TEACHING/LEARNING
Refer to specific plans of care reflecting individual predisposing/contributing factors.
Discharge plan
DRG projected mean length of inpatient stay: 4.9 days
considerations:
May require assistance with changes in therapies for underlying disease process/condition
Refer to section at end of plan for postdischarge considerations.
 
DIAGNOSTIC STUDIES
 ABGs:
 
 Pa
O
2
:
Normal or may be low. Oxygen saturation (Sa
O
2
) decreased.
 Pa
CO
2
:
Increased, greater than 45 mm Hg (primary acidosis).
 Bicarbonate (HCO
3
 ):
Normal or increased, greater than 26 mEq/L (compensated/chronic stage).
 Arterial pH:
Decreased, less than 7.35.
 Electrolytes:
 
Serum potassium:
Typically increased.
Serum chloride:
Decreased.
Serum calcium:
Increased.
 Lactic acid:
May be elevated.
Urinalysis:
Urine pH decreased.
Other screening tests:
As indicated by underlying illness/condition to determine underlying cause.
NURSING PRIORITIES
1. Achieve homeostasis.2. Prevent/minimize complications.3. Provide information about condition/prognosis and treatment needs as appropriate.
DISCHARGE GOALS
1. Physiological balance restored.2. Free of complications.3. Condition, prognosis, and treatment needs understood.4. Plan in place to meet needs after discharge.
 
 
NURSING DIAGNOSIS: Gas Exchange, impairedMay be related to
Ventilation perfusion imbalance (e.g., altered oxygen-carrying capacity of blood, altered oxygen supply,alveolar-capillary membrane changes, or altered blood flow)
Possibly evidenced by
Dyspnea with exertion, tachypneaChanges in mentation, irritabilityTachycardiaHypoxia, hypercapnia
DESIRED OUTCOMES/EVALUATION CRITERIA—PATIENT WILL:Electrolyte and Acid-Base Balance (NOC)
Demonstrate improved ventilation and adequate oxygenation of tissues as evidenced by ABGs within patient’sacceptable limits and absence of symptoms of respiratory distress.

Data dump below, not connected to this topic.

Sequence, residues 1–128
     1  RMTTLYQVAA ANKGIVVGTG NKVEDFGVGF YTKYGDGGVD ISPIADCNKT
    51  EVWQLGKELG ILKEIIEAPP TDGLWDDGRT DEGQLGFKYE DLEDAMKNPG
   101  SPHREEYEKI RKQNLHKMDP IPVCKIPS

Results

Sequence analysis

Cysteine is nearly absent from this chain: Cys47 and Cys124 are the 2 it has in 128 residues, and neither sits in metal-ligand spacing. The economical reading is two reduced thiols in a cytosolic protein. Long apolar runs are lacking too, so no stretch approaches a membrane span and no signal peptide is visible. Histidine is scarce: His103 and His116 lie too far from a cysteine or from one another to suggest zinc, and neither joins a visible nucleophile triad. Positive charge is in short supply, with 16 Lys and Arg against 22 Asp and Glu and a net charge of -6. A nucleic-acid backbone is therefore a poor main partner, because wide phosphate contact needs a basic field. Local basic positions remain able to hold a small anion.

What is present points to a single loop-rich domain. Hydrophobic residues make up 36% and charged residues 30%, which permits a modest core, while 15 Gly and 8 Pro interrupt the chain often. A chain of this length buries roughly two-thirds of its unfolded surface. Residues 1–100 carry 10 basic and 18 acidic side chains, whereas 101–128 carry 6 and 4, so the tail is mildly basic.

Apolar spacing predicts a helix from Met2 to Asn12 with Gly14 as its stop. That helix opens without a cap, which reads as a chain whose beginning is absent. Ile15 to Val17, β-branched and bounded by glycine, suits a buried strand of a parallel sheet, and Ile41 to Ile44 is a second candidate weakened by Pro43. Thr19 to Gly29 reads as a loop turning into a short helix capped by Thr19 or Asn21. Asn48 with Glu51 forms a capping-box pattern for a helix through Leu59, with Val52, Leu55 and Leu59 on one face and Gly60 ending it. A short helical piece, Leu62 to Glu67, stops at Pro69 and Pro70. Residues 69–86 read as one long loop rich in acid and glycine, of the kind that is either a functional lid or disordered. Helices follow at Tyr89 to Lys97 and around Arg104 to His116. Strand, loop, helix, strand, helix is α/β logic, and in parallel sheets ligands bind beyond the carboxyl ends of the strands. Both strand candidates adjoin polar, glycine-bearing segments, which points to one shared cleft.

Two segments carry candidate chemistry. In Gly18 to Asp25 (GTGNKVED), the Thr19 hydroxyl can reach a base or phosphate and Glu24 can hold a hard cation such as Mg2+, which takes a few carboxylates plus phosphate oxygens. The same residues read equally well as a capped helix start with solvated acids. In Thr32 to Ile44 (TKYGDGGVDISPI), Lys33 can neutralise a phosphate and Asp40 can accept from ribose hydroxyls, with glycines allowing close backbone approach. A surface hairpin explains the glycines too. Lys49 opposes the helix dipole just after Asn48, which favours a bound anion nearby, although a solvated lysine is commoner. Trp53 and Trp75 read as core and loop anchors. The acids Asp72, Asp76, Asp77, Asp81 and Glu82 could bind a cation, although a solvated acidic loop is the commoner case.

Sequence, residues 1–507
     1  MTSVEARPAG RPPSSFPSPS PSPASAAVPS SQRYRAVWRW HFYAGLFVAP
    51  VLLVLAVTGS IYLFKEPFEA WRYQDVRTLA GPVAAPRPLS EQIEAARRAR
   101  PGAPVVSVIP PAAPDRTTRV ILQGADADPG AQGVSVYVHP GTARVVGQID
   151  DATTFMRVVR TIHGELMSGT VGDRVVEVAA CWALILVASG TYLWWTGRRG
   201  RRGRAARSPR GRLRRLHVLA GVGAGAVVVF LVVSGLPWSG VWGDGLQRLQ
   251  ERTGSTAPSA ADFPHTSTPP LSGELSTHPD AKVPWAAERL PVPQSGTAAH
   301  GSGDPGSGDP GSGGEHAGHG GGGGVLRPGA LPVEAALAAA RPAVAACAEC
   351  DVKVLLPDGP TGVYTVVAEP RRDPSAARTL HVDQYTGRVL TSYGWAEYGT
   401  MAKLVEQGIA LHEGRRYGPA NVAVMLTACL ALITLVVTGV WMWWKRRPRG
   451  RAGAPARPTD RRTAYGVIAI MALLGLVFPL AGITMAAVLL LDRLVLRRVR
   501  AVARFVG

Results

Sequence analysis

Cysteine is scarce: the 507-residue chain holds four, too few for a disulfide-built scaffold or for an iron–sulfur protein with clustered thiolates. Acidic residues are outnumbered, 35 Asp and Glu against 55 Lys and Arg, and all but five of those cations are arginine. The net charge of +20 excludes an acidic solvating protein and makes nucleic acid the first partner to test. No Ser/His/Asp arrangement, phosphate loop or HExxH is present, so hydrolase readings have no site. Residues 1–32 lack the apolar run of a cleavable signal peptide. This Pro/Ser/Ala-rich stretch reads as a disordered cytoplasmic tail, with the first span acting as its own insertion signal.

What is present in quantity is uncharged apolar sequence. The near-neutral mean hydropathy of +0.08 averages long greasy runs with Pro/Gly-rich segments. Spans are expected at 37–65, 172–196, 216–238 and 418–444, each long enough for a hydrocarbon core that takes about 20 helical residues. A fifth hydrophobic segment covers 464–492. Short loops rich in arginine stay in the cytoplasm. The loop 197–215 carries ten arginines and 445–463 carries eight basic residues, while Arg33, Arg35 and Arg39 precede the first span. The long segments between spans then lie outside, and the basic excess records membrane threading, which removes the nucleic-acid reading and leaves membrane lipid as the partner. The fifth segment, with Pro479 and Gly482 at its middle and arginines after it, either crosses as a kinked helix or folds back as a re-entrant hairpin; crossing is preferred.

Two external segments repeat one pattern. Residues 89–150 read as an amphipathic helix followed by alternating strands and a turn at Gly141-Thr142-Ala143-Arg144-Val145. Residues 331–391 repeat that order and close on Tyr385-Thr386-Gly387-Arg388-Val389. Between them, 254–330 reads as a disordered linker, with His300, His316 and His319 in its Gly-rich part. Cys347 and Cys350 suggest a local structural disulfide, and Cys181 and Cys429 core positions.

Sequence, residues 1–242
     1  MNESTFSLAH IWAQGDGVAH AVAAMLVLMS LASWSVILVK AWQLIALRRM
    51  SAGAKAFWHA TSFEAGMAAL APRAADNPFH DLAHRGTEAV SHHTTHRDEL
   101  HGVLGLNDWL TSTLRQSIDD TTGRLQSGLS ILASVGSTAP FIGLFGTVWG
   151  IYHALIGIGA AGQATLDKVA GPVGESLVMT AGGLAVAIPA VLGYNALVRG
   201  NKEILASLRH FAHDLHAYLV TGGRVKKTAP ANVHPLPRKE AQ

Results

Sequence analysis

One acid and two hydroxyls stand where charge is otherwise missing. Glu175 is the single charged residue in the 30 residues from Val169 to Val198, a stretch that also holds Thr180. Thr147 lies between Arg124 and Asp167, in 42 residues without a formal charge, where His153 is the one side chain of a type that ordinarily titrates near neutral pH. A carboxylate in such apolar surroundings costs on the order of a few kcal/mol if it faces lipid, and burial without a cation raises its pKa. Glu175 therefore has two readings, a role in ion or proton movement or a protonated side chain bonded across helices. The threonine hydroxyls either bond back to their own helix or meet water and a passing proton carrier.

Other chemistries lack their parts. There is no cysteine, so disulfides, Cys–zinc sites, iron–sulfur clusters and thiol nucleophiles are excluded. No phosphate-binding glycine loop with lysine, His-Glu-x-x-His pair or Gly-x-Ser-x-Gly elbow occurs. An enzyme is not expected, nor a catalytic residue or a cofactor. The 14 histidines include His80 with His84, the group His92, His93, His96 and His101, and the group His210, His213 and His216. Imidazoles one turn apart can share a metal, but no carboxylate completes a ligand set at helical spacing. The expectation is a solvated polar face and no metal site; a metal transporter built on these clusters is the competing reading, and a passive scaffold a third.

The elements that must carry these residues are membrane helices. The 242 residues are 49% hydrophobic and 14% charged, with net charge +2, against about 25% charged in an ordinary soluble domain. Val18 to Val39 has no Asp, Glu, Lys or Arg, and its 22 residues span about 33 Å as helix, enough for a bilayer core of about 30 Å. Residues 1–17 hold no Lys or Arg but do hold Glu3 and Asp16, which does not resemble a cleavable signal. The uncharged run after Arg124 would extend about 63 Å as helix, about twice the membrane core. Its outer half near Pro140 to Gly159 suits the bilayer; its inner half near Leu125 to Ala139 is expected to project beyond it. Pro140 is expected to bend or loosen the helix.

Knowledge: Disease Process (NOC)
Verbalize understanding of causative factors and appropriate interventions.Participate in treatment regimen within level of ability/situation.
ACTIONS/INTERVENTIONS
Acid-Base Management: RespiratoryAcidosis (NIC)Independent
Monitor respiratory rate, depth, and effort.Auscultate breath sounds. Note declining level of awareness/ consciousness.Monitor heart rate/rhythm. Note skin color, temperature, moisture.Encourage/assist with deep-breathing exercises, turning,and coughing. Suction as necessary. Provide airwayadjunct as indicated. Place in semi-Fowler’s position.
 
RATIONALE
Alveolar hypoventilation and associated hypoxemia leadto respiratory distress/failure.Identifies area(s) of decreased ventilation (e.g.,atelectasis) or airway obstruction and changes as patientdeteriorates or improves, reflecting effectiveness of treatment, dictating therapy needs.Signals severe acidotic state, which requires immediateattention.
 Note:
In recovery, sensorium clears slowly because hydrogen ions are slow to cross the blood-brain barrier and clear from cerebrospinal fluid and brain cells.Tachycardia develops early because the sympatheticnervous system is stimulated, resulting in the release of catecholamines, epinephrine, and norepinephrine, in anattempt to increase oxygen delivery to the tissues.Dysrhythmias that may occur are due to hypoxia(myocardial ischemia) and electrolyte imbalances.Diaphoresis, pallor, cool/clammy skin are late changesassociated with severe or advancing hypoxemia.These measures improve lung ventilation andreduce/prevent airway obstruction associated withaccumulation of mucus.